Editor's note: The above video is from December, when the safe injection site initiative was struck down.
The newly appointed U.S. Attorney in Seattle says he will not allow a safe injection site for illicit drugs to open in the city.
Brian Moran says he has told Seattle City Attorney Pete Holmes to "not go there," or risk a federal lawsuit, The Seattle Times reports.
Seattle has been working to open a site where illegal drugs can be used under medical supervision, as a way to address the pressing problem of overdoses brought on by the opioid epidemic.
States and major cities across the country are considering them, but the proposed facilities have provoked resistance.
A spokeswoman for Seattle Mayor Jenny Durkan said it was unfortunate the DOJ would try to block a harm-reduction strategy to the opioid epidemic.
City Attorney Pete Holmes said Moran's position isn't surprising, nor will it stop the city from moving to open a safe-injection site.
However, an injection site in the city is on hold, at least for now.
The city is watching a civil lawsuit against a nonprofit in Philadelphia, which has plans to open a similar safe injection site. The U.S. attorney for the Eastern District of Pennsylvania filed the lawsuit, asking a U.S. District Court judge to rule on the legality of the plan.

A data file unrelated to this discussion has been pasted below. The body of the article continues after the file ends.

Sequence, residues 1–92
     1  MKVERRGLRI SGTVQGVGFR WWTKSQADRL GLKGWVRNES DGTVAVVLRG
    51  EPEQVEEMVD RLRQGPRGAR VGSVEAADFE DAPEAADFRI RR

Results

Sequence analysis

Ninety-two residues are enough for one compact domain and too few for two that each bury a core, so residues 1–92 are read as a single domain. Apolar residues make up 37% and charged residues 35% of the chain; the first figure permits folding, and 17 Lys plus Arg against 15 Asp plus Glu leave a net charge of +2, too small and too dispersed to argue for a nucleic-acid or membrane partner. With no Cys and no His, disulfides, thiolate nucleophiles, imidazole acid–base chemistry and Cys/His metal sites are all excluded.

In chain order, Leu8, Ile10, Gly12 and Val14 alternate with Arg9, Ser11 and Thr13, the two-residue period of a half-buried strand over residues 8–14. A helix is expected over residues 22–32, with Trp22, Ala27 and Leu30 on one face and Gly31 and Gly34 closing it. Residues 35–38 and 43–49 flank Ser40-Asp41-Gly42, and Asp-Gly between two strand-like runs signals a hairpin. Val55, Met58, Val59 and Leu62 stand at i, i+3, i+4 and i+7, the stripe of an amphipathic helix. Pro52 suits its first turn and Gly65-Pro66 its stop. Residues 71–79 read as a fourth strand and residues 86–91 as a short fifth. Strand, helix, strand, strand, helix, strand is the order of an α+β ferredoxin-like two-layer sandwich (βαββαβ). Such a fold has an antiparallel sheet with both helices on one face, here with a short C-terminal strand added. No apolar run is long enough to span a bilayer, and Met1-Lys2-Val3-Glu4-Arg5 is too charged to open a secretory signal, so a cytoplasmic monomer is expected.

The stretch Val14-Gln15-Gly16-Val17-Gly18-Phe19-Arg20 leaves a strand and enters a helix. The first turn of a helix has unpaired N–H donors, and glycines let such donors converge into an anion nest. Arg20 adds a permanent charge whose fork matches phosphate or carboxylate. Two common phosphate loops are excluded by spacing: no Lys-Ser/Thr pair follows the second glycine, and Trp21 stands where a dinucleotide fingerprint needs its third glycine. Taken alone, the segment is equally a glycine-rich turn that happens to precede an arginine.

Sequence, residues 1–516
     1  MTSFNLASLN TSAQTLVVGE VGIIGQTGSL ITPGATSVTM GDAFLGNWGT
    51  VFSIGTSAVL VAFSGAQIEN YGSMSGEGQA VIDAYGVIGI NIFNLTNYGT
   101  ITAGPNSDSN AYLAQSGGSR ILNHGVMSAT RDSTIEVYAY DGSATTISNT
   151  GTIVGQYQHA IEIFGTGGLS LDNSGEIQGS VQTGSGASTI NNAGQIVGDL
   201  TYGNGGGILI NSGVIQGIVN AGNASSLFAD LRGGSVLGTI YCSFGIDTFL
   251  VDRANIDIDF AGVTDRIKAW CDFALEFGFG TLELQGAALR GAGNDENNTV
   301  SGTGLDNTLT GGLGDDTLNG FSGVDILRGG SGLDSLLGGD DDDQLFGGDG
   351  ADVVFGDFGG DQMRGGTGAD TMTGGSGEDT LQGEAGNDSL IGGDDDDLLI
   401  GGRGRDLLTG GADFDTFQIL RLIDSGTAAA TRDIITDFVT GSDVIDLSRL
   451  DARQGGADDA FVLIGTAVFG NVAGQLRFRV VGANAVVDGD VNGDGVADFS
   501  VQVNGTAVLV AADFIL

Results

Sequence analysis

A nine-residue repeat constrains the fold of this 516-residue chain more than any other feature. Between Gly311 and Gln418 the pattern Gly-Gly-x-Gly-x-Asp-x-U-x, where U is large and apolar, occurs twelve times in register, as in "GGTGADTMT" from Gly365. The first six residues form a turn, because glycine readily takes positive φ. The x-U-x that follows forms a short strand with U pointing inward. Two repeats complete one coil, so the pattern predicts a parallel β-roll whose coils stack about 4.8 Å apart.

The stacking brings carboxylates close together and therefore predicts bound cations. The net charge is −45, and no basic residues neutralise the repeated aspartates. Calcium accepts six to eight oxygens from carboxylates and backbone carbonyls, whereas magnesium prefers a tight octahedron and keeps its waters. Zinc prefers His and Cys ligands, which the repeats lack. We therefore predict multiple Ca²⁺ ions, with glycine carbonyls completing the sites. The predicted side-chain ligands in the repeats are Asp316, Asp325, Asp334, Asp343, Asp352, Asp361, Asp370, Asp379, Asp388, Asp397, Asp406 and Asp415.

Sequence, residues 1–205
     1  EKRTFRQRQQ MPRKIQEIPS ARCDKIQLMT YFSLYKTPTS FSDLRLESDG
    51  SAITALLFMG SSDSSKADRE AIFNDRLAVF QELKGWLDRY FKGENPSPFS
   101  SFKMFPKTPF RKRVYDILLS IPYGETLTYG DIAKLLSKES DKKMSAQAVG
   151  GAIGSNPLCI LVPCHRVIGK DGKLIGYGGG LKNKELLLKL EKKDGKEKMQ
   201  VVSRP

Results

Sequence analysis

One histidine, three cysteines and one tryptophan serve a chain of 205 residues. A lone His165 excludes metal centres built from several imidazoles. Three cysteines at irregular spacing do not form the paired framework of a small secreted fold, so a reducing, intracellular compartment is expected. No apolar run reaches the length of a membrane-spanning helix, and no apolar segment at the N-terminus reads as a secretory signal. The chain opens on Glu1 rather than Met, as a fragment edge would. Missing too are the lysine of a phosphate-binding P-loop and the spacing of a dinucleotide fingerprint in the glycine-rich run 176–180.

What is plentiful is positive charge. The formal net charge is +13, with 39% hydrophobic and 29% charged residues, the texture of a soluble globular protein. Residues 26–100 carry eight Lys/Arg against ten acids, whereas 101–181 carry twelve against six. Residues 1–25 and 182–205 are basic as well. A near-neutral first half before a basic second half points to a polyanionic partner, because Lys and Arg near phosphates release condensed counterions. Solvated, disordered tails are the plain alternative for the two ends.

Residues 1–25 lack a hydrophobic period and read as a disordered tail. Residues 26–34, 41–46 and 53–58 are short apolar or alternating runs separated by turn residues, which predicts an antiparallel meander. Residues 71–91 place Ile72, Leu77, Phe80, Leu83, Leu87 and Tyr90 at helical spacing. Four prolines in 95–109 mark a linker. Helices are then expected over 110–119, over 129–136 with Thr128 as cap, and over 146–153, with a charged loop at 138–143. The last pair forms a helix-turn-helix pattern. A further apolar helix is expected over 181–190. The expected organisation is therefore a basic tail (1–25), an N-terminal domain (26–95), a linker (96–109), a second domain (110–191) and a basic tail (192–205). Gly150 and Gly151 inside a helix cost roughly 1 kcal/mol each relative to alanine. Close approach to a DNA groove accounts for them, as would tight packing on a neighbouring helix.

Safehouse responded to the lawsuit on Wednesday, asking the judge to prevent the Department of Justice from enforcing a statute that prohibits "knowingly leasing, renting, or using, or intentionally profiting from, any place (as well as opening, maintaining, leasing, or renting any place, as provided under current law), whether permanently or temporarily, for the purpose of manufacturing, storing, distributing, or using a controlled substance."
In 2017, the King County Board of Health approved a recommendation to open two injection sites. They would allow people to use drugs under medical supervision.
Seattle is the only city to approve such a facility. Dozens of other cities around Puget Sound have banned them.
The injection sites also sparked an effort to ban them in King County. However, the state Supreme Court upheld a ruling that kept the initiative that would have done that off the ballot.